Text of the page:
Proceedings of The Physiological Society

University of Oxford (2011) Proc Physiol Soc 23, C63

Oral Communications

Thermodynamic mutant cycles suggest no interface separation during channel gating at CFTR's non-canonical ATP binding site

A. Szollosi2, D. R. Muallem1, L. Csanády2, P. Vergani1

1. Neuroscience, Physiology and Pharmacology, University College London, London, United Kingdom. 2. Medical Biochemistry, Semmelweis University, Budapest, Hungary.


CFTR is an anion selective channel that plays an essential role in epithelial physiology. It is a member of the ATP Binding Cassette transporter superfamily. A conserved mechanism involving ATP binding and hydrolysis at cytosolic nucleotide binding domains (NBDs) drives both gating of the CFTR channel and transmembrane substrate translocation by transporters. NBDs can dimerize, and two composite ATP binding sites are formed at the interface. In CFTR and its closest relatives (medically relevant sulphonylurea receptors and multi drug resistance-associated proteins) only one of the two composite sites is catalytically active, while the other, site 1, is non-canonical, and binds ATP tightly but does not hydrolyze it. At site 2, ATP binding and hydrolysis have been linked to localized closing/dehydration and opening/hydration, respectively, of the NBD dimer interface. In turn these are coupled to CFTR channel opening and closing. However, little is known about movements around composite site 1 associated with gating. We used thermodynamic mutant cycles [1] to study the dynamics of the NBD dimer interface around composite site 1. T460 is a conserved residue in the NBD1 face of site 1. In homology models of CFTR, three residues (H1348, L1353 and H1375) on the NBD2 face of site 1 are close enough to interact with T460. In addition, the three positions yielded high correlations scores with T460, when multiple sequence alignments were analyzed to identify coevolving positions [2, 3]. We studied hydrolyitic and non-hydrolytic channel gating in single mutants (T460S, L1353M, H1348A, H1375A) and double mutants (T460S/L1353M, T460S/H1348A, T460S/H1375A). Mutation T460S caused a small acceleration of hydrolytic and non-hydrolytic closure. Mutation L1353M had very little effect. Mutations H1348A and H1375A dramatically slowed hydrolytic closing, H1348A also in a non-hydrolytic background. In the corresponding double mutants changes due to mutations at the NBD2 sites proved mostly additive with those caused by mutation T460S. Overall, changes in coupling energy (ΔΔGint) were either negligible or very small (ΔΔGint = 0.63±0.19 kT, n=8, p=0.007 in hydrolytic closing for T460S-L1353M pair; ΔΔGint= 0.43±0.14 kT, n=6, p= 0.01 in non-hydrolytic closing for T460-H1348 pair; mean±SEM, significance by t-test). It is likely (as suggested by homology models and coevolution analysis) that at least one of the residues tested here interacts with T460. If two residues interact, small or non-significant changes in energetic coupling throughout the gating cycle signify only limited relative movement. Therefore these results support a gating model in which ATP-bound composite site 1 remains closed throughout the gating cycle.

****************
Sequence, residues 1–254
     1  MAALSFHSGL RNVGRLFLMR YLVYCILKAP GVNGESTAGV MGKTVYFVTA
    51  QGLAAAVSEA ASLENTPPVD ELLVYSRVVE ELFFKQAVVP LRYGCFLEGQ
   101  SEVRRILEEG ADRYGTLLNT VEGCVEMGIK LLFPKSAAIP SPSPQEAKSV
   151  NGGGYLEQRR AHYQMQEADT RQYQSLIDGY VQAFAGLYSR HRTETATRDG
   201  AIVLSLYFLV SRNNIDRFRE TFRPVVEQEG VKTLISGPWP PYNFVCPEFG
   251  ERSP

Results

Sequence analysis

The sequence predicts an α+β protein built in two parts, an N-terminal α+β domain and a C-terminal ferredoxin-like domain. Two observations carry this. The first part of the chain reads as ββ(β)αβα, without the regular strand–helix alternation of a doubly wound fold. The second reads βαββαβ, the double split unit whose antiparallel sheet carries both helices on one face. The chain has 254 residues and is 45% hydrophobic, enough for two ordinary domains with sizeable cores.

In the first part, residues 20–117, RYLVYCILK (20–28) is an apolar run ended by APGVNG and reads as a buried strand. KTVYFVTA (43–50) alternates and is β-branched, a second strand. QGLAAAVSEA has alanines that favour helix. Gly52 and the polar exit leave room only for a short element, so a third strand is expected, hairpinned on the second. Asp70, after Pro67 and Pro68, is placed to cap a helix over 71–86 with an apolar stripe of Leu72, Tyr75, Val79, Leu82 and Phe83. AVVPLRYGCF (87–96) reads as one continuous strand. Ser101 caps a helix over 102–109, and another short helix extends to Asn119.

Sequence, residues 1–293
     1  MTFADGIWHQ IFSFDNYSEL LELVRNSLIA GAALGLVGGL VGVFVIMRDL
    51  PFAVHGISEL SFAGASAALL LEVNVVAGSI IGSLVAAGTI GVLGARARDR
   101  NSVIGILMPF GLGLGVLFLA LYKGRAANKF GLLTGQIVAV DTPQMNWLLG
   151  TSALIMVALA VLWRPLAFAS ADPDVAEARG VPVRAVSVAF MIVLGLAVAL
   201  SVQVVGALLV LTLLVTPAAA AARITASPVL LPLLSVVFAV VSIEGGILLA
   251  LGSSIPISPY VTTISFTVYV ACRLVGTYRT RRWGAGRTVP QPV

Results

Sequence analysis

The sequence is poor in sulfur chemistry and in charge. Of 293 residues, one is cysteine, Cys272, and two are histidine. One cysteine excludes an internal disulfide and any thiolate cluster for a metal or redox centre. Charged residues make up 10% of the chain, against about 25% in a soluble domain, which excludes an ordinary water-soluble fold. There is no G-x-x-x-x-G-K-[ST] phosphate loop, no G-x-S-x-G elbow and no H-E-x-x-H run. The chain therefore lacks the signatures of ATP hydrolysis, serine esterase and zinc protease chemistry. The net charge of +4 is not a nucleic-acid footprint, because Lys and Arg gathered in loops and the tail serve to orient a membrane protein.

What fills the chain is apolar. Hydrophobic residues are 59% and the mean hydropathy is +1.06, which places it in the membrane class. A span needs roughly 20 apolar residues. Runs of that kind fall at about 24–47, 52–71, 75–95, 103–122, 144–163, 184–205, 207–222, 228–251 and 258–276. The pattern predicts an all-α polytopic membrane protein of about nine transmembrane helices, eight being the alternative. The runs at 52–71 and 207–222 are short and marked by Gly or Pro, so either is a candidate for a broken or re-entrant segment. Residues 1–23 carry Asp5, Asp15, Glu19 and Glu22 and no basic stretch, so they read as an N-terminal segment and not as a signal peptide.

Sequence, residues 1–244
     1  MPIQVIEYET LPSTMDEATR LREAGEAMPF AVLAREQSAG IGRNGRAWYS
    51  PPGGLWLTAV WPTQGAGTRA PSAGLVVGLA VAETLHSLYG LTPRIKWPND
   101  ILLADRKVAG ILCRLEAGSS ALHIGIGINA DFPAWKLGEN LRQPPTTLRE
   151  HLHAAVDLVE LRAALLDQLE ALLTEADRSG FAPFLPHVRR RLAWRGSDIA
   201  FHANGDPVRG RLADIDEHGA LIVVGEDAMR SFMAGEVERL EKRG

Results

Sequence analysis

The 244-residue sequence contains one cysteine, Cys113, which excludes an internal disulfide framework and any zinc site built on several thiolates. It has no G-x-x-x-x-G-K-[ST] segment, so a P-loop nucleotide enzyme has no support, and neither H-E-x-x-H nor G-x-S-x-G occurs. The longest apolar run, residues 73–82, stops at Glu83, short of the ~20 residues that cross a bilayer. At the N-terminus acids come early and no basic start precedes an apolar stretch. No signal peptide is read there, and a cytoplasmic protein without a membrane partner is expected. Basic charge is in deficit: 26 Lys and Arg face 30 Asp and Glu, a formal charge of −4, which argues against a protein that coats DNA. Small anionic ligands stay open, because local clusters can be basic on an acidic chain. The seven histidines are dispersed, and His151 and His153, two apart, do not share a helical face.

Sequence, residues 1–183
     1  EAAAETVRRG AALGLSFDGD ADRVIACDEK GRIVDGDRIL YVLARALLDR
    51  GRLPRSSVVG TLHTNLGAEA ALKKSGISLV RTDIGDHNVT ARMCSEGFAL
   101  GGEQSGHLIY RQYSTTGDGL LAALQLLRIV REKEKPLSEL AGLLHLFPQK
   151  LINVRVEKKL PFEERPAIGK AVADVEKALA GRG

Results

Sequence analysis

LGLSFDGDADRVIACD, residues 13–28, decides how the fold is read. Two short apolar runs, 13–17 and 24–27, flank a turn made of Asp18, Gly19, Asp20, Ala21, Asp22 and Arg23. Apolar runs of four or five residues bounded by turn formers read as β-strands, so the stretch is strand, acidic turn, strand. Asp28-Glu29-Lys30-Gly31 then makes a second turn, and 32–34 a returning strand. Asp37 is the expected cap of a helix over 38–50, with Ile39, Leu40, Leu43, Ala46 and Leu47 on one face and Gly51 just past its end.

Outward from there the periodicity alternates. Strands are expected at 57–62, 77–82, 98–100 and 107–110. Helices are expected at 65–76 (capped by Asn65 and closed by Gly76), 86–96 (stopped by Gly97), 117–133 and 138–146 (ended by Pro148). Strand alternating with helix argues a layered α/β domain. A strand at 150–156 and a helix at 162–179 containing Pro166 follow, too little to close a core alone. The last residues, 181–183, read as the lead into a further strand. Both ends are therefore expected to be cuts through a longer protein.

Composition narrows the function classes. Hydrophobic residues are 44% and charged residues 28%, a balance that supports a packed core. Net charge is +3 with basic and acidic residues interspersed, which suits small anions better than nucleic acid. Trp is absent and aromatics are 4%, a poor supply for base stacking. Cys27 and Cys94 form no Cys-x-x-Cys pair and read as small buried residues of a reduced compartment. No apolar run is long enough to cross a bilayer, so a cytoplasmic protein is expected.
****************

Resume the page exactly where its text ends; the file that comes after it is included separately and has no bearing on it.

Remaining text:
Where applicable, experiments conform with Society ethical requirements